Sustainability and Resiliency

Sustainability Seed Grants

The Office of Sustainability and The Climate Solutions Initiative are pleased to present a funding call for Seed Grants for Sustainability. 

These grants seek to provide faculty, students, and staff with opportunities to advance sustainability research, teaching and community engagement while contributing to Brown's sustainability goals as articulated in the University Sustainability Strategic Plan. Please refer to the Call for Proposals for further details and instructions for proposal submission. The next proposal cycle is due by 5pm on Friday, October 18, 2024.

Please contact with any questions.

Spring 2024 Seed Grant Recipients


Influence of Bubble Dynamics in Hydrogen Production by Electrolysis

Hydrogen is the fuel of the future. It burns cleanly, without producing greenhouse gasses. However, its use is currently limited by the high cost to obtain it. One way to produce green hydrogen at low-cost is through  water electrolysis: sending a strong current through water breaks the water molecule to form hydrogen and oxygen in the form of bubbles. This research project will investigate how hydrogen bubbles form. By understanding the process in detail, we will be able to propose improvements to increase its production.


Cutting Waste, Not Just Tissue

Current estimates suggest that the healthcare sector in the United States contributes to approximately 10% of the country’s greenhouse gas (GHG) emissions. This student-led pilot study seeks to address the environmental impact of waste in medical education settings by trialing non-individually wrapped scalpel blades in the anatomy lab at The Warren Alpert Medical School of Brown University. By comparing the waste generated from traditional individually wrapped blades with that of bulk-packaged scalpel blades across all three lab sections of the Anatomy I course during the 2024 fall semester,  the study will assess the feasibility, cost-effectiveness, and environmental benefits of making this transition.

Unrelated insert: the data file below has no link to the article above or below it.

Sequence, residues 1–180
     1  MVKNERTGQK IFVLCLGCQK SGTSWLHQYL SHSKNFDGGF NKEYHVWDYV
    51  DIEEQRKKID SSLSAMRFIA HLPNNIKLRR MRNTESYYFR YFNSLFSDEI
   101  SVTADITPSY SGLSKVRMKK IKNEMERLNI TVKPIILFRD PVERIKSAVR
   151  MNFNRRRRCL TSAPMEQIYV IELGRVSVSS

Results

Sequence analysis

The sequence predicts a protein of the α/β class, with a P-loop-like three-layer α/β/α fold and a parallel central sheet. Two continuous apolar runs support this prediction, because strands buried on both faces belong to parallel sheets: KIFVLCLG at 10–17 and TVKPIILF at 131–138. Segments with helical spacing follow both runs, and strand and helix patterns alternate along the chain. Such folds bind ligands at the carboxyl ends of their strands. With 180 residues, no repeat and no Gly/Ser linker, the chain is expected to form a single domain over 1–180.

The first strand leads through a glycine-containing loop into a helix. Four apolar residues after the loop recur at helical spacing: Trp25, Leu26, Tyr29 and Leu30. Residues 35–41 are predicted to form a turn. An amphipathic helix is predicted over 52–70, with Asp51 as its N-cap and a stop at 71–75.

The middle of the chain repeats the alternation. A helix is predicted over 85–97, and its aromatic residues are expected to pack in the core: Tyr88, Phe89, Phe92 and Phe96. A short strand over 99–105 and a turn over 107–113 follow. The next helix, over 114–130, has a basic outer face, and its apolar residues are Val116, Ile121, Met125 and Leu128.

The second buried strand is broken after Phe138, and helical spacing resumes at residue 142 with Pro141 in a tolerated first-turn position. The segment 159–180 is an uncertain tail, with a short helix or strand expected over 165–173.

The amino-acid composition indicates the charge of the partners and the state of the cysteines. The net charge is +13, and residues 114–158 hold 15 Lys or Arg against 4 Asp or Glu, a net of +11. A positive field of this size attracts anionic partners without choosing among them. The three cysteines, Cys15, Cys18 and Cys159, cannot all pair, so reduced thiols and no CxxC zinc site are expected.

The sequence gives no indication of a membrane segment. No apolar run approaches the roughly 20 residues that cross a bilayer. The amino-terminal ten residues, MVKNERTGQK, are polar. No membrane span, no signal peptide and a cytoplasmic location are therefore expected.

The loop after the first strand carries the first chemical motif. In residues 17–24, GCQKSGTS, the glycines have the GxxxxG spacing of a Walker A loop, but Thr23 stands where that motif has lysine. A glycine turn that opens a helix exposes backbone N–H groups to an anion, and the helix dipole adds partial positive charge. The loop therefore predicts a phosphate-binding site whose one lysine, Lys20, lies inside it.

This study will employ a design that not only measures waste usage but also incorporates a lifecycle analysis (LCA) to assess the comprehensive cradle-to-grave savings achieved by our waste reduction efforts. The project not only reduces the scalpel wrapper waste from human cadaver dissections to effectively zero, but also offers a model for sustainable practices that could be implemented in other departments and potentially scaled across various institutions. The outcome of this study aims to raise waste reduction awareness in the medical community with a plan to share actionable insights and lessons with administration. This intervention represents a crucial step towards integrating sustainability into medical education, aligning with the primer released by the Agency for Healthcare Research and Quality (AHRQ) and The Federal Sustainability Plan, which calls on the healthcare sector to reduce its carbon footprint and lower GHG emissions